To examine the effect of reducing Kυ in different ocean basins, we have integrated the following configurations of the model to equilibrium: 1) a control experiment CNTRL, where no reduction in Kυ is applied; 2) an experiment denoted ⅔KVAtl, where Kυ takes a value reduced to two-thirds of CNTRL inside the Atlantic basin; 3) an experiment denoted ⅓KVAtl, where Kυ is multiplied inside the Atlantic basin by a factor of 1/3; and 4) an experiment where Kυ is similarly reduced inside the Pacific and Indian basins, denoted ⅓KVIP. Figure 1 shows the vertical profile of Kυ in these experiments. Figure 2a shows the two areas where reduction of Kυ is applied in the respective experiments. The reduction is only applied between 35°S and 48°N in each ocean basin. The above reductions in Kυ are also only applied between the surface and 1257-m depth, with no change in Kυ at levels deeper than 1257 m (Fig. 1). A version of ⅓KVAtl using GM has been run to verify the robustness of our results with respect to the choice of parameterization of subgrid-scale eddy mixing of tracer properties.
To further examine whether our model exhibits an increase in NADW stability upon increasing Kυ globally at a depth range containing the pycnocline, as found by MS99, we have integrated an experiment MS99KVglob similar to their so-called large vertical diffusion (LVD) experiment, where Kυ takes an increased global value of 1.3 cm2 s−1 down to 2500-m depth (see Fig. 1). Below 2500-m depth Kυ follows the profile of CNTRL. The MS99 LVD experiment employs constant Kυ = 1.3 cm2 s−1; however, such a profile would yield a decrease in Kυ at depth compared to CNTRL. Hence, the profile shown in Fig. 1 is adopted for direct comparison with the CNTRL experiment. To elucidate the role of vertical mixing inside the Atlantic in the context of the experiments of MS99, we have also integrated an experiment MS99KVAtl, where Kυ is changed in a similar fashion to MS99KVglob, but only inside the Atlantic. The above experiments should yield similar results to experiments using the actual MS99 profile with Kυ = 1.3 cm2 s−1 throughout the water column, as diapycnal mixing inside the pycnocline, rather than abyssal mixing, is the main factor affecting the strength of NADW formation. To confirm this, we have run experiments using a value of 1.3 cm2 s−1 Kυ throughout the water column, as in MS99, and found results that are very similar to those of MS99KVglob and MS99KVAtl. Hence, only the one set of experiments with increased Kυ are reported here.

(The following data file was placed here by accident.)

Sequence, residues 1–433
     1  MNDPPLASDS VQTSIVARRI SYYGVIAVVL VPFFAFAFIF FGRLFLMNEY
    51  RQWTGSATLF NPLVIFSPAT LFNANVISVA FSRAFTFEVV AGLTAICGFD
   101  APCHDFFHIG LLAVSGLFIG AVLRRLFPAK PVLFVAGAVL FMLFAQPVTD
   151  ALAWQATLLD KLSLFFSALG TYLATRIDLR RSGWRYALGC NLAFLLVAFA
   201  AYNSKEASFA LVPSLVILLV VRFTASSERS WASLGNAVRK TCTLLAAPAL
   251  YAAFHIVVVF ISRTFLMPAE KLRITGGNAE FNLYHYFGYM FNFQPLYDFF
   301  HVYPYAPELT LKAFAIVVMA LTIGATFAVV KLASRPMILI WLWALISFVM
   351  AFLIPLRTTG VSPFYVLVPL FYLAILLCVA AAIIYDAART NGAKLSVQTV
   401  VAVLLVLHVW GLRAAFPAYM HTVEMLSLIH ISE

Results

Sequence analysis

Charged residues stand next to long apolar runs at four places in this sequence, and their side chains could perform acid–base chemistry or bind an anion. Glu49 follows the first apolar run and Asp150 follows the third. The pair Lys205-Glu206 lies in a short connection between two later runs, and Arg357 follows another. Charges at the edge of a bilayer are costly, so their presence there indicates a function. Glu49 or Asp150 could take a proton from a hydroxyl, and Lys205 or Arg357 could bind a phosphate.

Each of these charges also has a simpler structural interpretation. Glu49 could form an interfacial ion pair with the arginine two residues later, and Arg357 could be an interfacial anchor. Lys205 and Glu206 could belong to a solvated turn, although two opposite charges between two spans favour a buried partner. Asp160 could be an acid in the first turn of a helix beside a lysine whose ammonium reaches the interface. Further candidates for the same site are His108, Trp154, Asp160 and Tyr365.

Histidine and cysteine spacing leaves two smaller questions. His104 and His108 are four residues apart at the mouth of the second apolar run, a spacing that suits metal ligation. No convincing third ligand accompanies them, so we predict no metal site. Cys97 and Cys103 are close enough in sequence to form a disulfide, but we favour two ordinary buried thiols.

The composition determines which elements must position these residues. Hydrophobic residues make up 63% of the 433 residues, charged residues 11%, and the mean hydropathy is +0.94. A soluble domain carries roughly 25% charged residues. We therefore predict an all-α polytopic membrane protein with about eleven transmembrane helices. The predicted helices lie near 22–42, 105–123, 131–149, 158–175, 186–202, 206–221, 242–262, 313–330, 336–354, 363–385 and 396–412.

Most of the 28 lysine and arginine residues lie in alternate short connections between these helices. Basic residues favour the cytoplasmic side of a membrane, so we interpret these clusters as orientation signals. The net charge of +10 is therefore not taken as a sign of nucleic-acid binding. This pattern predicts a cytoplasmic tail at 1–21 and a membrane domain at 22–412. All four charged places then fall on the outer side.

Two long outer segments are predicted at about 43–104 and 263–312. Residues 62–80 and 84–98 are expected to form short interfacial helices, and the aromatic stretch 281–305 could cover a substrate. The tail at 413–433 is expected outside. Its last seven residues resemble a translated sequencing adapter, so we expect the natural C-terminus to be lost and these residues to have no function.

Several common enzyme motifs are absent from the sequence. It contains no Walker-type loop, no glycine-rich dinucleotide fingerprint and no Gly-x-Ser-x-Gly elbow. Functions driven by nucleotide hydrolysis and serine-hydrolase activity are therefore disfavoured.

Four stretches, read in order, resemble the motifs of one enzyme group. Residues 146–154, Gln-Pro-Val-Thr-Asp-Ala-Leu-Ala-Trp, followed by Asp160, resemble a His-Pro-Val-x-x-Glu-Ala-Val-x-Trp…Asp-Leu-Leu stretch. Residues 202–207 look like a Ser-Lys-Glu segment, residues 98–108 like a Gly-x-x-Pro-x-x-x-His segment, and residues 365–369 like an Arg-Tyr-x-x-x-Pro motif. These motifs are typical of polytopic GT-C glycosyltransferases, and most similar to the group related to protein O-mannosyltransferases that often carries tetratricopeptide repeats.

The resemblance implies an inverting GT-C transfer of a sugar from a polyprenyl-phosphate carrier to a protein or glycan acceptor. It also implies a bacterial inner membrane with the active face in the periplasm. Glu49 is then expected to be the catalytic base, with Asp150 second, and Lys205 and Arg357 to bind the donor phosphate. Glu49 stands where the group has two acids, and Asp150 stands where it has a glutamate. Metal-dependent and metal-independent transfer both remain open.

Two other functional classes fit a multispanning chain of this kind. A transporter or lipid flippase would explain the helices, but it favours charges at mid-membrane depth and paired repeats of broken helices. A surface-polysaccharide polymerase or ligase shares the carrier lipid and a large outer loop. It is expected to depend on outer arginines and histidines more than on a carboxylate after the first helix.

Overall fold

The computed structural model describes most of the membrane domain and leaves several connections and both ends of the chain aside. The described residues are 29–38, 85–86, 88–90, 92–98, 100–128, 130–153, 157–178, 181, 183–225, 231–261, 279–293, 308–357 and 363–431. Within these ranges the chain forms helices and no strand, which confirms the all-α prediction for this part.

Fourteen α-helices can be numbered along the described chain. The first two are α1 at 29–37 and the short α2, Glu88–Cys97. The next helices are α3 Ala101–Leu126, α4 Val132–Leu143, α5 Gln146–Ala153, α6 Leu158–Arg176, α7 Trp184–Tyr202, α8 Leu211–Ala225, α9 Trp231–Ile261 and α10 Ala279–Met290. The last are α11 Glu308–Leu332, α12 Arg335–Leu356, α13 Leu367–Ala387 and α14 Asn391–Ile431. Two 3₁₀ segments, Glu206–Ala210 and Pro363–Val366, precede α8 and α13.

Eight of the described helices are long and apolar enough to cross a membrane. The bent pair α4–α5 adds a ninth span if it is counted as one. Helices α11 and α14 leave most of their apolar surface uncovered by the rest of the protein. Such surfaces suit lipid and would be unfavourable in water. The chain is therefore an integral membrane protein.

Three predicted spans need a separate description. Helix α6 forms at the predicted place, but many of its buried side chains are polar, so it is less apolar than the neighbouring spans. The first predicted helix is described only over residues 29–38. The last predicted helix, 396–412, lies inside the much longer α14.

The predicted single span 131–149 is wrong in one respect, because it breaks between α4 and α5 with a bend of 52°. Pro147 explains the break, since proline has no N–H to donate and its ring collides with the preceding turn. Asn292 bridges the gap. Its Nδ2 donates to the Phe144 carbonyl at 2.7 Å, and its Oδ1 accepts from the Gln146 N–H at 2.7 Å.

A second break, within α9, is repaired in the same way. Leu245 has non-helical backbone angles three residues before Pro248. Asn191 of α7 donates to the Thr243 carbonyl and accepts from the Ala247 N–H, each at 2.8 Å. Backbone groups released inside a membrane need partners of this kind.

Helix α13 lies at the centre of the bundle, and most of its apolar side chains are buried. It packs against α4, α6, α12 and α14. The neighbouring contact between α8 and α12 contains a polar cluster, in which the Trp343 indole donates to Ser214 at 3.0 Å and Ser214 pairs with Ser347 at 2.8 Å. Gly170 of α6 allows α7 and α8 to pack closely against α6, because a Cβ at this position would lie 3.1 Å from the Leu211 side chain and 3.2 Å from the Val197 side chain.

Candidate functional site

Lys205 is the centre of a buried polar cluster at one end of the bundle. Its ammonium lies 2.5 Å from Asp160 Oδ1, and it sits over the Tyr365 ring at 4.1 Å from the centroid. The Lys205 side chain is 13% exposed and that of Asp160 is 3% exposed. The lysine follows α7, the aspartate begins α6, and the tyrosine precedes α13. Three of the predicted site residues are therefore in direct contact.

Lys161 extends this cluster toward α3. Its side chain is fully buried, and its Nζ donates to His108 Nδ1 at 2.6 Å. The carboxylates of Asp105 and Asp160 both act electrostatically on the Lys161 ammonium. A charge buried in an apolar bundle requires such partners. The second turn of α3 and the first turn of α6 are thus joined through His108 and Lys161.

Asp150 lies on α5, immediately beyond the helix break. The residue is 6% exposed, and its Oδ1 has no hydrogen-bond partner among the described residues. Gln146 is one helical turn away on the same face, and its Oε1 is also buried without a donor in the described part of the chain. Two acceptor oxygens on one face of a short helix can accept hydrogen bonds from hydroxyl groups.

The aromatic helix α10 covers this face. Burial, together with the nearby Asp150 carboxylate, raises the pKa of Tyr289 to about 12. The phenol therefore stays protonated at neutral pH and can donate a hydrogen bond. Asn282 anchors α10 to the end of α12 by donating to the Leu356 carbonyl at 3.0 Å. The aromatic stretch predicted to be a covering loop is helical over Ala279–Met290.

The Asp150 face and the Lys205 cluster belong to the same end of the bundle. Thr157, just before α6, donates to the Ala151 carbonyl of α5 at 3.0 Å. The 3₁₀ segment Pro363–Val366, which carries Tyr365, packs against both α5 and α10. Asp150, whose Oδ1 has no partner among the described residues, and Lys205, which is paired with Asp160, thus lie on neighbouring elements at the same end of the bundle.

We further subject the obtained equilibria for CNTRL, ⅔KVAtl, ⅓KVAtl, ⅓KVIP, MS99KVglob and MS99KVAtl to FW pulses applied to the North Atlantic (NA) for the duration of 300 yr. We vary the maximum magnitude of this pulse. In short, we vary both Kυ and the magnitude of the FW pulse in this study, and all other model parameters remain fixed. The FW perturbations are applied in the NA between the black lines shown in Fig. 2a. Figure 2b shows the FW perturbation against time. A linear increase from 0 to a maximum value M occurs over the first 150 yr, followed by a linear decline back to 0 over the following 150 yr. After year 300, no further FW perturbation is applied. Note that we apply this perturbation for several values of M. This procedure, similar to that of Sijp and England (2005), is designed to examine the existence of multiple equilibria in the respective experiments.
The ocean exhibits substantial regional variations in Kυ (e.g., Ledwell et al. 2000), thought to be a function of tidal currents, subsurface bathymetry, and local stratification. Several studies have examined the effects of locally enhanced vertical diffusivity over rough bathymetry in ocean models (e.g., Hasumi and Suginohara 1999; Saenko and Merryfield 2005). Unlike these previous studies, we make no attempt to examine the effects of contrasts in vertical mixing that may exist between basins in the real ocean. Instead our experiments are specifically aimed to examine the role of the location of deepwater removal in determining the global THC and its stability.